Admittedly, I am far from perfecting any of these points, but some of my joy comes from accepting myself as a work in progress. I take solace in the fact that I still have several years to catch up to the Dalai Lama and the Archbishop. I’ll be patient with myself and keep practicing. I invite you to do the same.
Learn more about holding space for yourself and others, and about cultivating the lifestyle and relationships you want, in our upcoming online Holding Space Foundation Program.
I am home, once again. The last time I wrote, I was just back from a week of writing at a cottage by the lake, and now I’m just back from a week and a half vacation with my daughters. How very lucky I have been this summer to find the time and space for writing, relaxing, and traveling with my girls!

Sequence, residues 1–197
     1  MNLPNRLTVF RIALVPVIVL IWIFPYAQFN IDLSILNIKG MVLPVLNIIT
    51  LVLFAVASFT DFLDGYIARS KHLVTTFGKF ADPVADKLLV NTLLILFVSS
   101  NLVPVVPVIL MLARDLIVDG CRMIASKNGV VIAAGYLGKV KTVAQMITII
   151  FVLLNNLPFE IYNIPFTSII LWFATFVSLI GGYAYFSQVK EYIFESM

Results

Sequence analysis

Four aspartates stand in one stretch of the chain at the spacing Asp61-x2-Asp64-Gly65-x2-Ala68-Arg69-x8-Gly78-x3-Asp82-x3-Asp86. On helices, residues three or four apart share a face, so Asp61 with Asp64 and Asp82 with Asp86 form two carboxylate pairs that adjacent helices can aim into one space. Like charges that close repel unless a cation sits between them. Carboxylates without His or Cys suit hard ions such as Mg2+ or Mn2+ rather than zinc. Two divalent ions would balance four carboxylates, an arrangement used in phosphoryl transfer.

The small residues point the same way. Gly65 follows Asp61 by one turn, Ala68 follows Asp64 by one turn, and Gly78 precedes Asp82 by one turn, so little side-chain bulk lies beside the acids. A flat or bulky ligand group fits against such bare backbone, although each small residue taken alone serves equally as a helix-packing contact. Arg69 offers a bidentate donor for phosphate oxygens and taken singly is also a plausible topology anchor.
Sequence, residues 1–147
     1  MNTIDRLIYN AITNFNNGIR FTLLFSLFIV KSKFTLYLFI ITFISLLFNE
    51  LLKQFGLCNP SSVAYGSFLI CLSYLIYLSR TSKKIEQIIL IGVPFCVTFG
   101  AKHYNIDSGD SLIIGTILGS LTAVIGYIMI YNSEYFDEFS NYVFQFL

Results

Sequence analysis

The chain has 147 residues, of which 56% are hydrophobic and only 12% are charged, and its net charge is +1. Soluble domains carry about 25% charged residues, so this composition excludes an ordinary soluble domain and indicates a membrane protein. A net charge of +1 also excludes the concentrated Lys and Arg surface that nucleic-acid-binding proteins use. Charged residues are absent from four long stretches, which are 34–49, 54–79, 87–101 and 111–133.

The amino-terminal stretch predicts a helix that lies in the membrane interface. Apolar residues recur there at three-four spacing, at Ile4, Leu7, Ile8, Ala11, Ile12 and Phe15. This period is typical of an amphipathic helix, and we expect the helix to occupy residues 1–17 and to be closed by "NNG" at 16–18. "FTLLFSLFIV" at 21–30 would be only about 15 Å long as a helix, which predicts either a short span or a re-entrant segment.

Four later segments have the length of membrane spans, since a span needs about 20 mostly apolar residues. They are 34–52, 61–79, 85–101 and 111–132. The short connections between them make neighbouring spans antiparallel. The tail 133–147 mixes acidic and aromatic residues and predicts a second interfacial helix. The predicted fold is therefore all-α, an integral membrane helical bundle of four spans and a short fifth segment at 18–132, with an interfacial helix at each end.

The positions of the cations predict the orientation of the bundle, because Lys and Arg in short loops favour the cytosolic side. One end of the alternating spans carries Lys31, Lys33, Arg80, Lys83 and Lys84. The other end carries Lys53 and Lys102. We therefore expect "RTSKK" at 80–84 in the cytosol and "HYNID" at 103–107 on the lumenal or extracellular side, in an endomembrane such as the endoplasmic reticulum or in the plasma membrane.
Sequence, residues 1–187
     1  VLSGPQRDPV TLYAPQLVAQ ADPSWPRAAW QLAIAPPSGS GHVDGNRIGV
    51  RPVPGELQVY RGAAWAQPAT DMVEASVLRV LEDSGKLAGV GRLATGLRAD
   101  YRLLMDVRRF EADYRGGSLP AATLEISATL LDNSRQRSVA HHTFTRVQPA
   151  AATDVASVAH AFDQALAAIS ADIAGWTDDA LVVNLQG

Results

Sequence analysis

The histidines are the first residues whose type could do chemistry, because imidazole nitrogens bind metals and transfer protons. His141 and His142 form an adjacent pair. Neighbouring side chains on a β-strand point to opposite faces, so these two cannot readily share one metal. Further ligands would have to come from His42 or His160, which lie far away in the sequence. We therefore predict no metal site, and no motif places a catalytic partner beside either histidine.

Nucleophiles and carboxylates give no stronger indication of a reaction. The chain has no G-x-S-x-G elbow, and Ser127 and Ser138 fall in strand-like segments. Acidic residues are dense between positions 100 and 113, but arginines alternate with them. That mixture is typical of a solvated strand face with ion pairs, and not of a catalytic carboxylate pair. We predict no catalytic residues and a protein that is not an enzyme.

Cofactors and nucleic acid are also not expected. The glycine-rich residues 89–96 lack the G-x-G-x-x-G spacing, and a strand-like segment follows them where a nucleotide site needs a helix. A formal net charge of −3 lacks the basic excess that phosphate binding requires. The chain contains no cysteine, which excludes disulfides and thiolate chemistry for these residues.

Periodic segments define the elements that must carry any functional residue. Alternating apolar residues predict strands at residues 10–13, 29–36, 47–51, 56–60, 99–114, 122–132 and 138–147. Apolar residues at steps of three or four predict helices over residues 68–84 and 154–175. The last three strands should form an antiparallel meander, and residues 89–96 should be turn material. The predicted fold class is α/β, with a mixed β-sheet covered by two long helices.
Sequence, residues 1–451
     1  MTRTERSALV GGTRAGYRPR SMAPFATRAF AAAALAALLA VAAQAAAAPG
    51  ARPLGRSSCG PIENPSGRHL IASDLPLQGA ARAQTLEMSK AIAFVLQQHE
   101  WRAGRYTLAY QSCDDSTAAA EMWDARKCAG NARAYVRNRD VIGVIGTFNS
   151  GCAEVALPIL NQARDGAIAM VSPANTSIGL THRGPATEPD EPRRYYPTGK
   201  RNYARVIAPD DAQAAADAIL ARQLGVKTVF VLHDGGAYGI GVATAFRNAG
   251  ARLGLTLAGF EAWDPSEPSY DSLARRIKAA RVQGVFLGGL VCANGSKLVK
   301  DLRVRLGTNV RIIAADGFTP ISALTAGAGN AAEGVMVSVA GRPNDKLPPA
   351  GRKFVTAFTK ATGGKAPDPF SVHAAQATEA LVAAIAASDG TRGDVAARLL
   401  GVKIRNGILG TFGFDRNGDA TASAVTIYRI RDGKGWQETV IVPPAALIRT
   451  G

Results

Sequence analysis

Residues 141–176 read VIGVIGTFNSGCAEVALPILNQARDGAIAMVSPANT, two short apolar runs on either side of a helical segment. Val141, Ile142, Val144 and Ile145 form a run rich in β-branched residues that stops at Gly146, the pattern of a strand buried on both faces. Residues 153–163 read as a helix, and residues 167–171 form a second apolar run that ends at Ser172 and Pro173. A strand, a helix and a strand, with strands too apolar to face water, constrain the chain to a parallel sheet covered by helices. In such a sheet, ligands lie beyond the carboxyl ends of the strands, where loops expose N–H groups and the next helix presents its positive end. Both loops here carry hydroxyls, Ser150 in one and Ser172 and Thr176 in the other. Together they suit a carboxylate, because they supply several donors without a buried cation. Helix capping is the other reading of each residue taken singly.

Having been raised going to the
Winnipeg Folk Festival every year, my daughters have developed a passion for indie music festivals. It’s a passion I like to indulge, so last year we drove with them to Montreal for Osheaga and this year I drove with them to Chicago for Lollapalooza. They’re talking about either Outsidelands or Squamish next year, and I’d be happy to go to either place. Though I find the size of the crowds at the festivals a little overwhelming and usually only go for one day, I so greatly treasure these days on the road with my daughters, and know that this time in their lives is fleeting (the oldest two have already graduated from high school), so I pack my bags and I go.
On the way home, after a discussion about next year’s adventure, one of my girls said “Mom, you’d be game for almost anything, wouldn’t you?” And I said “Yes, I would. Give me an interesting place to go to and some quality time with my daughters, and I’m there.” (If anyone has recommendations for great music festivals in your parts of the world, I’d be happy to hear them!)